Home Is Where You Put It

By Daniel Jenkins, Shelby Custer, Jonny Cramer and Helen Fernandez

While strolling through the tree-lined streets of South Austin’s Zilker neighborhood, just south of Zilker Park and Barton Springs Road, old, quaint homes contrast modern, lavish homes. The striking incongruence prompts an internal uneasiness. The scene shares similarities across many other historic neighborhoods in Austin, Texas.

The Little House before the relocation process began. Photo by Shelby Custer.

The Little House before the relocation process began. Photo by Shelby Custer.

According to Politifact.com, the population of Austin increases by about 40 to 60 people each day, so a change in landscape is inevitable. Thus, old homes are demolished almost daily. But, for some, it’s important to maintain the historical integrity and culture of Austin’s original neighborhoods.

On October 27, a 1926 home on 811 Kinney Ave. went before the local historical commission to be deemed worthy of preservation or its opposite, destruction. In the end, the board ruled the home historically insignificant.

The owner of 811, Alice Parrish, age 68, grew up in the Zilker neighborhood. She rode her bike by 811 as a young child and purchased the house in 2006.

“I love to save things,” said Parrish. “And I end up thinking the little house and I will just grow old together.”

Her neighbor, Ben Livingston equally hopes to save the old home from demolition. He’s resided in the Zilker neighborhood for 17 years.

Ben Livingston is the new owner of The Little House. He’s resided in the Zilker neighborhood for 17 years. Photo by Helen Fernandez.

Ben Livingston is the new owner of The Little House. He’s resided in the Zilker neighborhood for 17 years.
Photo by Helen Fernandez.

“These walls [of 811] are like old people; the walls have stories,” said Livingston. “Can you imagine what stories these walls have seen after 80 years? This house has a lot to talk about.”

He describes trinkets of history found within the home. There’s an old wooden board that’s imprinted with the words, “Calcasieu Lumber.” Owned by two brothers, “the company employed builders and became a one-stop shop for those looking for a new home. During Austin’s residential building boom in the 1920s Calcasieu built many of the homes that created the subdivisions surrounding downtown Austin,” wrote the Austin History Center.

In the home built with redwood flooring, Livingston discovered other memorabilia including old marbles underneath the house and a newspaper dating back to 1958, which had been rolled up and stuffed into a chimney hidden behind a wall.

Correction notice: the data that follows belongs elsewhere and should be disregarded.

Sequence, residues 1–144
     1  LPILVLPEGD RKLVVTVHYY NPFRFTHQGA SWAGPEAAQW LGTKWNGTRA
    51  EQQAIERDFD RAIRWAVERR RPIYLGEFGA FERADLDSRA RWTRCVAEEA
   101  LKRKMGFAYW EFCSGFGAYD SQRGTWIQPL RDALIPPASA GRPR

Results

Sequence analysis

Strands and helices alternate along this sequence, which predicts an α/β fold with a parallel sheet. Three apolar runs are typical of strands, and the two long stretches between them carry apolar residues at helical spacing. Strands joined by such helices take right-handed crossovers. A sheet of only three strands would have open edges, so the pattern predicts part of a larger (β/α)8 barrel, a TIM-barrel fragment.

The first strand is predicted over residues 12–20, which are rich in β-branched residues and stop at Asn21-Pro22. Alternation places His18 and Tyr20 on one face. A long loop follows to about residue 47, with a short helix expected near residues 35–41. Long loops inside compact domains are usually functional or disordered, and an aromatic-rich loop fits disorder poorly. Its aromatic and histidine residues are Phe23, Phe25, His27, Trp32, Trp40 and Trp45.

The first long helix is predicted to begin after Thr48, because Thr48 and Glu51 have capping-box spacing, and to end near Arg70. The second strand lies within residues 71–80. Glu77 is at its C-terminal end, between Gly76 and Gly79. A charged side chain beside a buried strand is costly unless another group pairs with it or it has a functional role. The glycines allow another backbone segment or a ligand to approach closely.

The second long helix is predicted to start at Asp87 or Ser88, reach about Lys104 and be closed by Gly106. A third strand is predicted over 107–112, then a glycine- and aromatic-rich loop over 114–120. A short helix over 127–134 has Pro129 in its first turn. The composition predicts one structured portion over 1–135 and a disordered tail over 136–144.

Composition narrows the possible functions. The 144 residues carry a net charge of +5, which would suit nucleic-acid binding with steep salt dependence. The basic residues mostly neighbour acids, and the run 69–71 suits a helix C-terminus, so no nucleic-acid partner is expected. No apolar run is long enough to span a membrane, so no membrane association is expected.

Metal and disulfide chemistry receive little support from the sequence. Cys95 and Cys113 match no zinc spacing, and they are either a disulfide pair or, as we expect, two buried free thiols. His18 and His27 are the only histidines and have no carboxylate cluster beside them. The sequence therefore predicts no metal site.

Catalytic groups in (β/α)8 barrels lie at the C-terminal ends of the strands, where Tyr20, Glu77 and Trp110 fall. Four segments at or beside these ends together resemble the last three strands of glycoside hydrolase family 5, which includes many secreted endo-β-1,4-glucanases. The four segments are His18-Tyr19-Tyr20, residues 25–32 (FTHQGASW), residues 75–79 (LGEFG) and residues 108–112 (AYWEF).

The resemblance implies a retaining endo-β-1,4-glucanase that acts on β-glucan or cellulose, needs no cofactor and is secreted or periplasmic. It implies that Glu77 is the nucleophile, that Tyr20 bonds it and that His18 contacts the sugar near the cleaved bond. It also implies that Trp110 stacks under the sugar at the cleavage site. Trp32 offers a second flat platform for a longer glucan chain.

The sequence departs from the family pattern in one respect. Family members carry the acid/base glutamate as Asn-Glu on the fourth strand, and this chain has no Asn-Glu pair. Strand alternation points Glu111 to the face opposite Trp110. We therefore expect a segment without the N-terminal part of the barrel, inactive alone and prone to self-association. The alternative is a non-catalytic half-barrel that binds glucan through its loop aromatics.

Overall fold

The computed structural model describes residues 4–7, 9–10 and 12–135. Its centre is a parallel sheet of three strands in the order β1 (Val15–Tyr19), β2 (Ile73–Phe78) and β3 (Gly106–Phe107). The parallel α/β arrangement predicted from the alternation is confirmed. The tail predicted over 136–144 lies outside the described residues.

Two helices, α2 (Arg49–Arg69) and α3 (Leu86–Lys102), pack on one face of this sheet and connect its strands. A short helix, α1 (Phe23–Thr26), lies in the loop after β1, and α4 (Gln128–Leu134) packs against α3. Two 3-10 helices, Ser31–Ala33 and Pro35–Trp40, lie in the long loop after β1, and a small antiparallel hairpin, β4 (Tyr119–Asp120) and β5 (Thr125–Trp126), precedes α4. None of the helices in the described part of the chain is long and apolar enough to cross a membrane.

The Little House from helen fernandez on Vimeo.

Parrish and Livingston paired-up to preserve the home’s history. With the help Brown and Sons House Movers, Livingston mounted the house on a tractor-trailer and carefully transported the home to its new abode, 36 miles away in Wimberley, Texas.

In a note written and tacked to the wall of 811, Parrish wrote in the voice of the old home:

“I’m so thrilled and excited that I’m going to my new land and sanctuary in Wimberley. I know that you will take great, gracious pride in my well-being.”

With love,

811 – The Little House.”

Alice Parish talks about her thoughts on moving her beloved home to Wimberly. Photo by Shelby Custer

Alice Parish talks about her thoughts on moving her beloved home to Wimberly. Photo by Shelby Custer

One old home was saved from its demise, but many more are turned into rubble and replaced by “McMansions” in the South Austin neighborhood.

Another neighbor, Susan Willis, who’s lived in her home that was built in the 1950s for 38 years, said, “I feel like I’m losing my sky due to McMansions and mega-condos. I feel claustrophobic; we’re getting closed-in on.”

Like many others in the neighborhood, including Livingston and his wife, Willis doesn’t necessarily appreciate the change in her neighborhood’s environment and landscape.

“It was once a friendly neighborhood, but many of the new homeowners are shut-off. There’s a fence around their house; the gate shuts automatically when they drive in. We never see the families; they want nothing to do with us,” said Willis.

Livingston adds, “We were once able to just show up at neighbors’ houses. We didn’t have to call or text before coming over.”

Ben Livingston was heavily involved in the process of relocation for The Little House. He is now the owner of The Little House. Photo by Shelby Custer.

Ben Livingston was heavily involved in the process of relocation for The Little House. He is now the owner of The Little House. Photo by Shelby Custer.

The new, modern architecture also annoys many long-standing neighborhood inhabitants. Willis describes some recent homes constructed of cinder blocks as resembling “prisons” and some utilize the look of “cheap metal.” Meanwhile, they “all look alike and have little architectural value.” Willis dislikes the design and architecture company, Moore-Tate, and their distinct style of stark white siding and dark jutting roofs.

Developments are unavoidable in the city of Austin. Nonetheless, the neighbors in Zilker will do their best to maintain their beloved history and culture among the homes they reside in.

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